Sports performance: Is there a benefit to muscle damaged during resistance exercise?

By Dr. John R. Mishock

There is a belief that resistance exercises or weightlifting create muscle damage, leading to tightness and limiting function in sports such as baseball, basketball, golf, and others.

Does resistance exercise damage muscle?

Can the muscle damage be helpful?

When exercising, there is micro-damage or small amounts of physiological tissue change on a cellular level to the muscle. During exercise, this muscle damage occurs when the exercise is novel, the intensity or volume increases, or the contraction type changes (concentric to eccentric or isometric).

Individuals who follow proper resistance exercise training principles will not create excessive tightness but will enhance most sports performance metrics. This article will describe how small amounts of muscle damage are critical for hypertrophy, strength, and power gains. Listed below are the benefits of muscle damage during exercise.

1. Connective tissue matrix damage: Resistance exercise causes damage to muscle connective tissue matrix (sarcolemma, basal lamina, and supportive connective tissue, contractile elements, or actomyosin bonds). This matrix is the scaffolding that holds the muscle together. Small amounts of damage cause a strengthening of this matrix, allowing an enhanced base to create stronger muscle contractions. The strong connective tissue matrix that is created during resistance exercise can minimize or prevent muscle injury. (Clark et al. 2002)

2. “Repeated bout effect”: Progressive resistance exercise stresses the muscle causing increased efficiency in the recruitment of motor units (muscle units) and greater synchronization and coordination of the motor unit and fiber contraction, leading to greater muscle strength and hypertrophy.

3. Inflammatory cascade effect: Muscle microtrauma causes small amounts of inflammation triggered by immune cells (WBCs, neutrophils, macrophages). This inflammation facilitates tissue repair and regeneration. Macrophages release myokines (IL-6, IL7, IL8, IL 10), signally molecules that stimulate muscle hypertrophy and strength. Reactive oxygen species (superoxide, hydrogen peroxide, hydroxyl radical), released during inflammation, signal muscle growth and hypertrophy through increased protein synthesis (muscle building). Following exercise, the increase in immune cells enhances the body’s defenses against infections (Covid-19) and other diseases. (Peake et al. 2017)

4. Protein synthesis (muscle building): During exercise, mechanical trauma to the muscle increases protein synthesis. The muscle-building occurs through a complex physiological interaction (cyclooxygenase pathway (COX-2), resulting in the synthesis of new contractile proteins or muscle fibers. Adequate amounts of protein (1.6 g per lb. body weight) are needed from the diet to maximize this muscle growth. (Clarkson et al. 1996)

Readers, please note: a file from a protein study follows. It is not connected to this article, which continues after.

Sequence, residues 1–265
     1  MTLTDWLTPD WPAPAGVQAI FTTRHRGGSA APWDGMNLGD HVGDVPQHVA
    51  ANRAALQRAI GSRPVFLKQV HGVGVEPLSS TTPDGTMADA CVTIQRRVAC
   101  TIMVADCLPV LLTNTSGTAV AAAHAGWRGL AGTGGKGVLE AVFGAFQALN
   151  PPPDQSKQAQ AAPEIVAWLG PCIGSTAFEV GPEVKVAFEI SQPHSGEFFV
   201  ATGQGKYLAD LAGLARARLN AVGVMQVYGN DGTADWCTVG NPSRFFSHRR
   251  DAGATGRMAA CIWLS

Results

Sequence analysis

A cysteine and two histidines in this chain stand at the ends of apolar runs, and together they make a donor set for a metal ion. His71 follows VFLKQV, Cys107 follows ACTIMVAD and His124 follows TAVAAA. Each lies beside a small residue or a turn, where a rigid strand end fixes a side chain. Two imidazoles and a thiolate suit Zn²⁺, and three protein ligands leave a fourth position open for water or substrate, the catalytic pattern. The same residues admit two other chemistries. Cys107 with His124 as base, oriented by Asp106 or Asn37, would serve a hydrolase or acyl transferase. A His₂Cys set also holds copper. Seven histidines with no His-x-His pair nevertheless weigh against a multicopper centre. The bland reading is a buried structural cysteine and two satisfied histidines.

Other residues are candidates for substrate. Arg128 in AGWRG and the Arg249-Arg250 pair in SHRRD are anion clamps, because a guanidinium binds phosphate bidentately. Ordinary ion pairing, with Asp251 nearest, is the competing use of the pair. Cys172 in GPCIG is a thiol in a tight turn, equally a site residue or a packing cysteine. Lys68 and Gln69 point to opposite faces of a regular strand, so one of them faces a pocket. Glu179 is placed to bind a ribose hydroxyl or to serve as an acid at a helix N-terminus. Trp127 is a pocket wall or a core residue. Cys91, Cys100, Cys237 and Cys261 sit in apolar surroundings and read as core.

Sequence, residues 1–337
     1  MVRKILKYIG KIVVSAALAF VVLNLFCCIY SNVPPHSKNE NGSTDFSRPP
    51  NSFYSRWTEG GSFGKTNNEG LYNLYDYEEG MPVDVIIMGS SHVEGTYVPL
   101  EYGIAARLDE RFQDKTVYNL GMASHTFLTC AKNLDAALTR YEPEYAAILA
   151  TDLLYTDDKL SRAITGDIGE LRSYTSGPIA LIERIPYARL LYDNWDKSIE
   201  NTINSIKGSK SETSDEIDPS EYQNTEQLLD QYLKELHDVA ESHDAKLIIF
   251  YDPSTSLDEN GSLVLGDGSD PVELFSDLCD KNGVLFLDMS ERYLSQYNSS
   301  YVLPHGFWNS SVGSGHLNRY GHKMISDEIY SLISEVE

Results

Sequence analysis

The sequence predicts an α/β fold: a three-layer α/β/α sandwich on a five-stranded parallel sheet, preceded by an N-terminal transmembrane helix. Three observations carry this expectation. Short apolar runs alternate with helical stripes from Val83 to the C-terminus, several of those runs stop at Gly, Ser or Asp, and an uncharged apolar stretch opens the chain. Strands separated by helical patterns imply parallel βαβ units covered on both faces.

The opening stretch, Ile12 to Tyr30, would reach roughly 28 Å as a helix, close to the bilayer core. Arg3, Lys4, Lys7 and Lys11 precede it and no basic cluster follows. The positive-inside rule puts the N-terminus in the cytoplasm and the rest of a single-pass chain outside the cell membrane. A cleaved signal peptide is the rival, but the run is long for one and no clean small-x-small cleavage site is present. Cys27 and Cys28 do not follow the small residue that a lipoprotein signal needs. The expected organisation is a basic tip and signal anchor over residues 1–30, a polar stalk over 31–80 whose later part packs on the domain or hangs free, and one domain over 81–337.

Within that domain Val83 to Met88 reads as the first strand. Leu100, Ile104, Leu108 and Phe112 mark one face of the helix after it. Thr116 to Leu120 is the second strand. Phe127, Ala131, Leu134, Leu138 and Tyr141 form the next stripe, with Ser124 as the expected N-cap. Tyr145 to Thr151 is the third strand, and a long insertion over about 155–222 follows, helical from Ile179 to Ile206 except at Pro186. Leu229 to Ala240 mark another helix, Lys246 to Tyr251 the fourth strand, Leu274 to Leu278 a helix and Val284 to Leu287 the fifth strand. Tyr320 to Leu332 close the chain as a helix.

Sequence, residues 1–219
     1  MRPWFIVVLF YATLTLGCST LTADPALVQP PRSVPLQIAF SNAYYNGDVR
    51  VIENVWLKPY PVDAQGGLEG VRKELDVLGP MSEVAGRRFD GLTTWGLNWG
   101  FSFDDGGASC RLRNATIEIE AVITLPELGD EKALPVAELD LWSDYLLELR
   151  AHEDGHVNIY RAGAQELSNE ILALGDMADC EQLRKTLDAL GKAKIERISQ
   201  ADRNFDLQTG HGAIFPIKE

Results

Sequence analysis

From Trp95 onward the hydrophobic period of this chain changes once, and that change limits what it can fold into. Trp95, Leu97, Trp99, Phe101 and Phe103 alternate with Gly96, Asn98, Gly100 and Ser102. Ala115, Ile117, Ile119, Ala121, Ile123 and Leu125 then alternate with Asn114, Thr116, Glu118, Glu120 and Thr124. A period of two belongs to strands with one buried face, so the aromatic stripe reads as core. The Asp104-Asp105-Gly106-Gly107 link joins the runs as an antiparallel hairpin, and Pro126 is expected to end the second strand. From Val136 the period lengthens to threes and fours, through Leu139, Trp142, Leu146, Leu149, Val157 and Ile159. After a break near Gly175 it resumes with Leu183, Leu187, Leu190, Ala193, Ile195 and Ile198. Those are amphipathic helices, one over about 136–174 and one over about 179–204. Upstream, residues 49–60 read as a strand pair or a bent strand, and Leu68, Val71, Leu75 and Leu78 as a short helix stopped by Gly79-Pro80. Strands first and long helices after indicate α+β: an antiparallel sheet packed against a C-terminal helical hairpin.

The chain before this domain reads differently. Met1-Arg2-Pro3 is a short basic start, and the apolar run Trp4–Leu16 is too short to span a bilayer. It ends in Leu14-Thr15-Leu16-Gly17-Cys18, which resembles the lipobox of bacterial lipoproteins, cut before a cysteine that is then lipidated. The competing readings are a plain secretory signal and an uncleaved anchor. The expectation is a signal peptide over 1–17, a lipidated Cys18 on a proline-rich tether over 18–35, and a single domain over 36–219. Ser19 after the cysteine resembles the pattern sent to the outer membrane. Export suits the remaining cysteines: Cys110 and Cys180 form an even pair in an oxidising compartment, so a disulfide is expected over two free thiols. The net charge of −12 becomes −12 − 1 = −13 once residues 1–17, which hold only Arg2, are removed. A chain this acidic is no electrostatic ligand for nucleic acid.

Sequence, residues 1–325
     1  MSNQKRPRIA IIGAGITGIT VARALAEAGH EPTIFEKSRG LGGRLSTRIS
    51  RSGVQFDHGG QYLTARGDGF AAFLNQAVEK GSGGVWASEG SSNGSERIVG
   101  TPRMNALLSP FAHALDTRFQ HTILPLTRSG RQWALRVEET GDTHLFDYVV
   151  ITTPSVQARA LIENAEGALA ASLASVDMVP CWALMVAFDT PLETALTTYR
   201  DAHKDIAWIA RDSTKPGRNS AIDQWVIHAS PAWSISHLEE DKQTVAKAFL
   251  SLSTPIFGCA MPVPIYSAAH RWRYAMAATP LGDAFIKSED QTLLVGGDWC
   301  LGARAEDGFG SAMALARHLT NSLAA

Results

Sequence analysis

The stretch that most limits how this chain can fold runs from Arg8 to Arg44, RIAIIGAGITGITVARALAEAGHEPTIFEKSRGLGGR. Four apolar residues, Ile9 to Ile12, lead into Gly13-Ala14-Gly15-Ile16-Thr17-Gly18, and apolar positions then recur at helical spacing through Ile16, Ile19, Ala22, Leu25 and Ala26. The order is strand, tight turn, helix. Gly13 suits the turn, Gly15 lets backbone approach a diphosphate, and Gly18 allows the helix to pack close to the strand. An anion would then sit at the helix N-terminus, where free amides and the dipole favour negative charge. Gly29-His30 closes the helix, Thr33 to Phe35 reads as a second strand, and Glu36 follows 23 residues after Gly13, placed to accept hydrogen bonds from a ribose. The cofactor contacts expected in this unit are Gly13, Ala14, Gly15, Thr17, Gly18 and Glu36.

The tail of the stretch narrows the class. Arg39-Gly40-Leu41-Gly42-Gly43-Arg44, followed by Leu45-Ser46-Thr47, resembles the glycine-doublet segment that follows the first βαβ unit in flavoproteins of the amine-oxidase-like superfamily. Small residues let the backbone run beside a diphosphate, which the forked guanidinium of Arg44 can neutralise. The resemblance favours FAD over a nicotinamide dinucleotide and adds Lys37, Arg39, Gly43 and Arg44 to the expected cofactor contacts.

Nonsteroidal anti-inflammatory drugs (NSAIDs), COX-2 inhibitors, can blunt the cellular response, possibly reducing muscle hypertrophy during exercise. Taking NSAIDs during training can be counterproductive to this process. It is theorized that individuals who take antioxidant supplements (Vitamin C, E, Curcumin) should take them on non-workout days to allow some of this inflammatory process. Antioxidants may help in muscle recovery (delayed muscle soreness (DOMS) when appropriate dosage and timing are utilized.

5. Natural hormone production: Growth hormone (GH) and Insulin-like growth factor (IGF-1), anabolic hormones, are released by mechanical loading. IGF-1 and GH stimulate the rapamycin (mTOR) pathway, widely considered a master network for controlling skeletal muscle growth. These hormones also have a critical role in protein synthesis, which leads to muscle hypertrophy, strength, and power.

Can I create too much muscle damage during resistance exercise training?
Not following proper training guidelines can lead to excessive muscle damage, reduced strength, lessened hypertrophy gains, excessive fatigue, and overuse injury. In these cases, the exercise reduces sports performance.

What is the best prescription for resistance exercise to optimize muscle damage to create sports performance gains?

Progressive resistance exercise must follow strict training guidelines in; volume (total amount of reps or sets), load (amount of weight), frequency (training sessions per week), intensity (effort per rep), and rest/recovery (rest days between exercises). Changing the exercise routine or the exercise contraction type (concentric, isometric, and eccentric) every 4-to 8 weeks will enhance physiological muscle gains. For more in-depth details on training, check out my book (found on Amazon) “Fundamental Training Principles: Essential Knowledge for Building the Elite Athlete.”

Dr. Mishock is one of only a few clinicians with doctorate level degrees in both physical therapy and chiropractic in the state of Pennsylvania.

If you are curious about the science of pitching, check out his first book: “The Rubber Arm; Using Science to Increase Pitch Control, Improve Velocity, and Prevent Elbow and Shoulder Injury” both can be bought on Amazon.

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